SAN JOSE -- Microsoft Corp. and Borland Software Corp. may have competing development tools for building Windows applications, but this doesn't mean the companies aren't partners.
Microsoft's David Treadwell, general manager of the Microsoft .Net Developer Platform team, and David Intersimone, vice president of developer relations at Borland, took turns hailing cooperation between the two companies during the BorCon show here on Monday.
"Never [before] have I seen, in the last year or so, the amount of cooperation between Microsoft and Borland," Intersimone said. Treadwell then took the stage to conduct what he called the first public demonstration of Microsoft's Longhorn Windows technology before a non-Microsoft audience. The technology was shown at the Microsoft Professional Developers Conference 2003 event in Los Angeles last week.
Treadwell touted features such as "managed code," in which a managed execution environment reduces complexity, and Microsoft's "smart client" initiative. Smart client is an attempt to produce clients that combine the rich user experience of fat desktop clients with the small footprint of Web-based thin clients.
"Without question, [Longhorn is] going to be the biggest release of Windows since Windows 95, perhaps the biggest release ever," said Treadwell.
Borland's Delphi 8 programming language is being supported in Microsoft's .Net Framework, said Treadwell. Borland was the first licensee of the framework, he said.
He also touted the planned Whidbey version of Microsoft's Active Server Pages .Net Web development platform. Microsoft also has a Whidbey version planned for its Visual Studio development tool, which would compete with Borland's .Net tools. But Treadwell focused on the ASP .Net variant. One goal of Whidbey is to reduce by 50% the volume of code that has to be written for ASP .Net applications, said Treadwell.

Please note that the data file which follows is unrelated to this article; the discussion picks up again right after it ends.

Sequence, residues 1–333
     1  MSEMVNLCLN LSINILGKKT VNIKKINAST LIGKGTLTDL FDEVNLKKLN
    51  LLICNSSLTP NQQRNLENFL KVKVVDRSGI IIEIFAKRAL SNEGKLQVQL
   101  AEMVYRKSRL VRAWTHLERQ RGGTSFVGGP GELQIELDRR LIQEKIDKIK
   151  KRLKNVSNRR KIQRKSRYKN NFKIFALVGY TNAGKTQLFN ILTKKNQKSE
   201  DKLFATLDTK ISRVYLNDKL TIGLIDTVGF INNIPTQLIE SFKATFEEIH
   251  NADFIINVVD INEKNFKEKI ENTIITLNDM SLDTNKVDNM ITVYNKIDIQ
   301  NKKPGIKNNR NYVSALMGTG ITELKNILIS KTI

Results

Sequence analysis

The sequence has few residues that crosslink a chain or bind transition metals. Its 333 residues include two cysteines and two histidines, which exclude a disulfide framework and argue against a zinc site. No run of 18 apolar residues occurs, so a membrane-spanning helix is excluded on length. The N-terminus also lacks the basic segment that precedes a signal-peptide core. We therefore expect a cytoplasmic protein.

An audience member said he believed Microsoft and Scotts Valley, Calif-based Borland could coexist despite competing interests. "Borland is the best developer of tools for the [Microsoft] platform," said Matej Jaksa, a Delphi trainer and consultant at Marand in Slovenia.
BorCon on Tuesday will feature word from the Java side of the equation, with Jonathan Schwartz, executive vice president of Sun Microsystems Inc.'s software group, scheduled to speak.
Also at BorCon on Monday:
- Blake Stone, Borland's chief technology officer, said the company on Tuesday may make an announcement related to software modeling. "You might see an interesting press release coming from us tomorrow," Stone said.
- Borland plans to support development for the .Net Compact Framework, which is for building .Net-based applications for handheld devices, in tools such as the C#Builder and Delphi 8 tools. "We are working very closely with Microsoft on having that put into future releases," said Simon Thornhill, general manager of Borland's .Net Solutions Group.